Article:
In the seventh chapter of The Will of the Empress, Sandry makes arrangements to head to her lands, and Daja is reunited with an acquaintance from Kugisko. Intrigued? Then itâ€™s time for Mark to read The Will of the Empress.
Trigger Warning: For mental illness, ableism, trauma/PTSD, homelessness, gore.
Iâ€™m so in love with this book already. LETâ€™S DO THIS.
Well, remember when I just wrote about charmed I was by everything and I was worried about when this book would show me the side of Berenene that everyone was so afraid of? WELL, WELCOME TO CHAPTER SEVEN. The most ridiculous thing about this is that she barely does anything at all, and yet? Iâ€™m terrified. This whole social arrangement is a nightmare, and itâ€™s unlike anything Sandryâ€™s ever had to deal with. FOR EXAMPLE:
For a very long moment no one spoke or moved. Theyâ€™re afraid, Sandry realized, listening for clues from the people around her. Theyâ€™re afraid of Berenene when she loses her temper. Iâ€™d better keep that in mind. Sheâ€™s all sweetness now, but thatâ€™s not how sheâ€™s remained the sole ruler of Namorn for twenty-odd years.
Now Iâ€™m worried about the empress. How could I not be? This woman is perfectly aware of how to use her court to her advantage. Like when she tells Sandry to bring along four courtiers to her lands. As Sandry puts it, thereâ€™s no easy way she could tell the woman no without upsetting Berenene beyond repair. So she agrees to let Jak, Fin, Rizu, and Caidlene accompany her. (Iâ€™m very excited about Rizu, but thatâ€™s no surprise.) I think thatâ€™ll provide a lot of entertainment, and Iâ€™m a sucker for ensemble casts, but Iâ€™m still nervous. When will Sandry meet the will of the empress?
Iâ€™m genuinely surprised, yâ€™all.
I think Pierce does an okay job with mental illness, though itâ€™s clear in both Emelan and Namorn, mental illness is viewed as the â€œOther.â€ Both societies have some system to take care of these people, but theyâ€™re not exactly caring facilities, nor is there a system sense of welfare extended to them. The fact that Zhegorz has survived as he has is evidence that mental health is not a priority within these places. Even so, we can see some of the prejudice and bias against people with mental illness within the characterâ€™s narration and their actions. Granted, Zhegorz frightened everyone when he lunged out at the group, shouting something that sounded like nonsense, but what about after that? Shan is shocked that Daja even knows someone like Zhegorz. The maids are horrified by his presence.
At the very least, both Daja and Tris are protective of Zhegorz, as well as willing to listen to him and try to understand what heâ€™s saying. I appreciated that sympathy, just as I appreciated Dajaâ€™s kindness in getting him food and a bath. Those things matter, especially when youâ€™re homeless and desperate for shelter and a meal. But what hit me the hardest â€“ and what I found to be the most significant part of this story â€“ was the fact that Daja and Tris, through kindness and understanding, were able to determine that Zhegorz has the same kind of wind scrying magic that Tris has. This man had gone thirty-seven years with a rare ambient magic, and instead of getting support and help for it, heâ€™d been sent from one institution to another. Itâ€™s one of the saddest things I can imagine. Because he spoke differently, because he was excitable, because he wasnâ€™t easy to categorize, this society utterly failed him. It was much easier for people to just write him off as â€œmadâ€ instead of giving him any help at all.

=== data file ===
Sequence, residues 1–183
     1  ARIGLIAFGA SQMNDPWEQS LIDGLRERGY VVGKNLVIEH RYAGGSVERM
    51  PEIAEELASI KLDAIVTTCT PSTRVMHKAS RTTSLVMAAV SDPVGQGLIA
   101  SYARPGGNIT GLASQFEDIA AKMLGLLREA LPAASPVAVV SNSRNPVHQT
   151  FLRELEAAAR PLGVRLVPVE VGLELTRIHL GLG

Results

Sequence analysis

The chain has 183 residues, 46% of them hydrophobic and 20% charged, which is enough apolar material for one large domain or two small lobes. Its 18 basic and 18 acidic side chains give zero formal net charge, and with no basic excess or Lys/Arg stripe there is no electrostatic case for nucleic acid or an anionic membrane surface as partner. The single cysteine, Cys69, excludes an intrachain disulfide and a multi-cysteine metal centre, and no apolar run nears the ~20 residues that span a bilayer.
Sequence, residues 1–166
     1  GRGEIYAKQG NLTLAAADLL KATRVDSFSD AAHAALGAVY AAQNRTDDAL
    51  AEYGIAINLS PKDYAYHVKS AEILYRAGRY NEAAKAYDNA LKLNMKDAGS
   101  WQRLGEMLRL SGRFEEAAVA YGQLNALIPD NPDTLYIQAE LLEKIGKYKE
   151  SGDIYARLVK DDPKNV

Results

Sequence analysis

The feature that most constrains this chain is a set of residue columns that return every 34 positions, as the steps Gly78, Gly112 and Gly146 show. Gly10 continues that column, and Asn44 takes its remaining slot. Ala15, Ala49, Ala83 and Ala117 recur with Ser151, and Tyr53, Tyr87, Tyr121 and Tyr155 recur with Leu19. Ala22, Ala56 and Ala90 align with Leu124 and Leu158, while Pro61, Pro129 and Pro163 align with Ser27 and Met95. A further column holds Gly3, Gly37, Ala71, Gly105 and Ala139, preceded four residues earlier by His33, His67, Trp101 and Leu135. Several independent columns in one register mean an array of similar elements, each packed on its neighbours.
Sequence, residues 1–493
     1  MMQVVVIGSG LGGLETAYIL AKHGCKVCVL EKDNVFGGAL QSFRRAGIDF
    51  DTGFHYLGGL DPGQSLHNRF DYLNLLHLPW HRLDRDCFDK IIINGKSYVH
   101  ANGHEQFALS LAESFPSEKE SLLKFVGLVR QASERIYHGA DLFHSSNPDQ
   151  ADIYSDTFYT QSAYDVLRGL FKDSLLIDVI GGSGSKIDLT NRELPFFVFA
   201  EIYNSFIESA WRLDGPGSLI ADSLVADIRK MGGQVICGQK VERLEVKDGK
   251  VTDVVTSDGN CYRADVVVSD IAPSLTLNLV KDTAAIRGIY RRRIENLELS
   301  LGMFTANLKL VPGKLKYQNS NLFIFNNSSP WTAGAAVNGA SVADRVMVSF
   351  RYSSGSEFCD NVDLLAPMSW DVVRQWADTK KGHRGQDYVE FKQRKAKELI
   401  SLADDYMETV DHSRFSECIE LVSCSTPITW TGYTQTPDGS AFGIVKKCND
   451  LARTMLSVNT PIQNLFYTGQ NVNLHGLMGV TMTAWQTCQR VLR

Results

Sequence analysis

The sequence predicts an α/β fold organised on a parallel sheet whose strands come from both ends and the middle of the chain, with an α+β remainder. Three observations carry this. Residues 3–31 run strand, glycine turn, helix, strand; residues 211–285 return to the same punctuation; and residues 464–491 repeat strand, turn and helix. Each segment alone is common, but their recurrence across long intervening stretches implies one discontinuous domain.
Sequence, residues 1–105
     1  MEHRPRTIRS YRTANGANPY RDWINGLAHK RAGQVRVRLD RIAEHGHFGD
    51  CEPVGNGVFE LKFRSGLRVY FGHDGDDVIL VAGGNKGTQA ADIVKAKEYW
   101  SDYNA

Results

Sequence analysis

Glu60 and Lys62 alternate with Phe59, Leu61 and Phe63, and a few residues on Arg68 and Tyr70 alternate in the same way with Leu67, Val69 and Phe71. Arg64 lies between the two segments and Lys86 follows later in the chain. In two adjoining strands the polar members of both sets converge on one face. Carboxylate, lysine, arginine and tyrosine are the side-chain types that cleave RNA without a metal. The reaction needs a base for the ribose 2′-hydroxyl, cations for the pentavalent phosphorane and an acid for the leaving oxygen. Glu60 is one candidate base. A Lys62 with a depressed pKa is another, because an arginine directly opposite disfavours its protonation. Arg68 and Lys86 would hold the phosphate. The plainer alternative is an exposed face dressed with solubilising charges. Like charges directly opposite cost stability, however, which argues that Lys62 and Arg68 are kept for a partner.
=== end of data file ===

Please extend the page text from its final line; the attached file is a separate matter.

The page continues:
Iâ€™m happy that someone has finally taken a genuine interest in him, and I hope itâ€™s not too late.
So, weâ€™ve got some bickering between the foster-siblings here â€“ including one nasty little fight â€“ but this honestly feels like the first time they might all make it. Unified under their journey to Sandryâ€™s land, they might actually get along better. Now, theyâ€™ve still got some kinks to work out, and Sandry messes up pretty spectacularly here when she doesnâ€™t inform her friends about the early morning trip to her lands until she announces it to Berenene. Itâ€™s a careless moment, certainly not the worst imaginable, but itâ€™s easy for Tris and Briar to pick on Sandry for it. They just completed an exhausting trip to the city, and now theyâ€™re about to begin another one?
But itâ€™s great that Sandry recognizes sheâ€™s goofed here and then apologizes, admitting that her friends were right. Itâ€™s a start. Isnâ€™t all of this, though? Theyâ€™re starting anew, despite that theyâ€™ve been friends for years.
So, as far as I can put together from the tiny glimpses weâ€™ve gotten, Briar, Rosethorn, and Evvy were caught up in some sort of war in Yanjing, one that was so brutal and bloody thatâ€¦ well, itâ€™s tough to describe. One of the common motifs we see in Briarâ€™s dreams or triggers is of him climbing through or over piles of dead bodies. Whatever the Yanjing emperor did, it was terrible enough to kill hundreds of people at once. Understandably, it was also a traumatic event for Briar, one that continues to haunt him daily, so much so that we learn that he can no longer sleep alone. His promiscuity is linked to that, only in the sense that he mostly wants someone in the same bed as him.
Hereâ€™s my guess, though. Since Tris discovered in this chapter what happened to Daja in Kugisko, weâ€™ll learn what happened to Briar. But itâ€™ll be through Zhegorz, since he can hear â€œsecretsâ€ on the wind.
Iâ€™M TRYING, OKAY.
The original text contains use of the words â€œmad,â€ â€œmadness,â€ â€œcrazy,â€ and â€œinsane.â€
Mark Links Stuff
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